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RE: Solaris User Account Management

Authentication and name resolution functions are actually handled by PADL's
pam_ldap and nss_ldap modules, which provide the interface between an
operating system's
authentication system and an LDAP directory. OpenLDAP is only one of a few
packages that can be used with pam_ldap and nss_ldap. Therefore, these
questions are somewhat off-topic for this list, and would be better
addressed on the
pam_ldap and nss_ldap lists.

That being said, I went ahead and provided some answers to your
questions. Please take them in the context of using pam_ldap and nss_ldap
with OpenLDAP as the underlying directory provider.

> -----Original Message-----
> From: owner-openldap-software@OpenLDAP.org
> [mailto:owner-openldap-software@OpenLDAP.org]On Behalf Of Joe Gainey
> Sent: Wednesday, July 30, 2003 12:56 PM
> To: openldap-software@OpenLDAP.org
> Subject: Solaris User Account Management
> I've got what should be a fairly typical situation.  I've got about 500
> or so boxes that are divided into various and sometimes overlapping
> departments.  I'm looking to figure out if LDAP will solve my user
> managment woes, so if anyone could answer the following questions and
> supply any URL's referencing the answer I would really appreciate it.
> All of these apply to a Solaris 8/9 envirionment
> 1.  Can OpenLDAP be used for login in authentication and authorization?

Authentication, yes. Authorization is a bit of a mixed bag. It depends what
you want to authorize.

> 2.  Can users be added with accounts on specific groups of machines?

Since your LDAP directory is a global user and group database,
all users and groups are known to all machines. Therefore, strictly
all users in your LDAP directory have accounts on all machines. What it
like you'd really like to do is allow users to log in to some machines and
others, possibly based on group membership. There are several ways of doing
ranging from the use of ACLs to the use of host attributes that specify
login hosts for a given user. The method you choose is dependent on the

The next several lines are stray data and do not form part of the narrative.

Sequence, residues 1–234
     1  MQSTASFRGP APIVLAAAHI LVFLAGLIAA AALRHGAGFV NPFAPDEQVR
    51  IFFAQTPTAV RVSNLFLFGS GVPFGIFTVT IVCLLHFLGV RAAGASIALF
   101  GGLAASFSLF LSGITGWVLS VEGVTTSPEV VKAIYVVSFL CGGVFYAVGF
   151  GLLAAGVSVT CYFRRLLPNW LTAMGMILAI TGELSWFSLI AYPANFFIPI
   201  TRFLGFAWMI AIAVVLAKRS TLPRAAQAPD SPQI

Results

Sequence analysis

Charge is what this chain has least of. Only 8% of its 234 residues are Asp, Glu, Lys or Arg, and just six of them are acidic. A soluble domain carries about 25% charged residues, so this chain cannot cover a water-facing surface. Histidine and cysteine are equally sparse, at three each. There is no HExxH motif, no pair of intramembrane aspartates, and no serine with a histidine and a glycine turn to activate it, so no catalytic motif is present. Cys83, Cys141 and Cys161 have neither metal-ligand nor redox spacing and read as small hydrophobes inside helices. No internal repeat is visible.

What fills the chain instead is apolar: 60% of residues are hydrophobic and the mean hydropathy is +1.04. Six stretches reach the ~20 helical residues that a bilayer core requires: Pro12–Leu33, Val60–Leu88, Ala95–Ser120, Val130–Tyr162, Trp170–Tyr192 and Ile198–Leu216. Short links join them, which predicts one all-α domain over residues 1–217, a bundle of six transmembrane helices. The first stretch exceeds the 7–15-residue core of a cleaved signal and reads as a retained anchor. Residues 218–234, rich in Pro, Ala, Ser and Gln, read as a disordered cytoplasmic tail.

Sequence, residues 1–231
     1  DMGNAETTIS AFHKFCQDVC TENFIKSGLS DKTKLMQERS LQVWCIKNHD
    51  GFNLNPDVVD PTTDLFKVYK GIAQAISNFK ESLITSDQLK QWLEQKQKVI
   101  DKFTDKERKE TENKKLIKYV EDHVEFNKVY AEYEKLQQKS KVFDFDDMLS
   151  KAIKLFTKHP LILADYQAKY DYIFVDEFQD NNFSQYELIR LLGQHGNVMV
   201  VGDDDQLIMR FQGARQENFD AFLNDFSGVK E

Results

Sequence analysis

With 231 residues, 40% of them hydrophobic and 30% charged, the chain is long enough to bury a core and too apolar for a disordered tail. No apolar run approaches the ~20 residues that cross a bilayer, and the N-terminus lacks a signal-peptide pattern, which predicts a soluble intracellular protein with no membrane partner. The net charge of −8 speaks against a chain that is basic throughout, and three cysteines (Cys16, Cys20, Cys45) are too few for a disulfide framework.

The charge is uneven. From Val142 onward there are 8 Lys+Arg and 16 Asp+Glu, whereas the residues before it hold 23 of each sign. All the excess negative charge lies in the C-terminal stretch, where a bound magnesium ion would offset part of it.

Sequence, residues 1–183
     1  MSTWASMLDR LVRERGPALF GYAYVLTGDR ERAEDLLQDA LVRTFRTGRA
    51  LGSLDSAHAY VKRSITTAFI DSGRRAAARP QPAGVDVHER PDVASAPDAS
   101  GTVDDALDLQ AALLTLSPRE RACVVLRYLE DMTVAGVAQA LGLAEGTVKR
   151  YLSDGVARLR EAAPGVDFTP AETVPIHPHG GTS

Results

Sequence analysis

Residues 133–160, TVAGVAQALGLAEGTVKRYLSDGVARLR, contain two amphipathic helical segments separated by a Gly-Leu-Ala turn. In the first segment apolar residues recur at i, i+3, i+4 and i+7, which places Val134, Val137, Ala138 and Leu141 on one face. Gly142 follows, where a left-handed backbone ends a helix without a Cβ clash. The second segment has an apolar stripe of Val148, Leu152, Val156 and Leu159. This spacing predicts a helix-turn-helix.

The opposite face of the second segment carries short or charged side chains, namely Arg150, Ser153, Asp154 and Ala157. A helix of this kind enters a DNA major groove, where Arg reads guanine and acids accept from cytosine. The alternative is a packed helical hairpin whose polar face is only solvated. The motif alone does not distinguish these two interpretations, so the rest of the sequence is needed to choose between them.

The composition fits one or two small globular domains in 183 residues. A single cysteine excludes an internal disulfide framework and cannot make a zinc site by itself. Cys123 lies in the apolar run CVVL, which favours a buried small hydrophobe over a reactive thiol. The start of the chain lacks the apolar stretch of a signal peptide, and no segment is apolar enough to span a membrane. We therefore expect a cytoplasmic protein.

you make in your design.

> 3.  Can users be added with an account on a specific machine?

The answer is basically the same as above, but note that you can still have
local accounts on individual machines that do not appear in the LDAP
This leaves you with a bit of a management problem if there are a lot
of these accounts.

As an example, root accounts are typically local accounts so that
can login in the event the LDAP authentication system fails for some reason.

> 4.  Can users be added with different home directories on different
> groups of machines?

That's harder. Most folks who use LDAP for authentication also use NFS or a
similar mechanism to share file systems among machines, and the home
is therefore assumed to be the same on each. One solution is to use symbolic
links to
make sure there is always a common path to user directories on all machines.

A check of the PADL or OpenLDAP archives may yield some answers that work
for you.

> 5.  Can standard solaris password aging and rules be applied to user
> accounts?

Yes, using the shadowAccount attributes.

> 6.  Can solaris be configured using the OpenLDAP and/or native LDAP
> clients to use TLS/SSL encryption?

OpenLDAP can use OpenSSL, so yes.

Solaris native clients are a mixed bag. We've seen a lot of folks replace
the Solaris 8 native PAM stuff with PADL's pam_ldap and nss_ldap modules
because of lack of SSL support in the Solaris native stuff.

I've heard reports of folks getting the Solaris 9 native pam and nss modules
using TLS to connect to an OpenLDAP directory. You might want to check the
archives to see if anyone actually reported how they accomplished that.

> 7.  Does using TLS/SSL encryption mean that account is protected from
> network sniffers?


> Anyone got any experience with any of those?  All comments responces
> welcome.

Some observations:

The fact that your users do not appear to have directories that
are shared among machines begs the question of whether your numeric user
and group ids are synchronized. If not, this is an additional task you
should consider as part of this project.

Since your machines appear to be loosely federated, you might consider
keeping them
that way and managing the individual password and group files on each system
a central directory. That approach would allow you to have the best of both
worlds- individual variation and local storage with global control. If you
to go that way Symas can provide additional information on product that does

If you want to stick with open source, you will likley need to extend the
components to add the capabilities you need.

> Joe

Hope this helps...

Matthew Hardin
Symas Corporation
Packaged, certified, and supported LDAP software: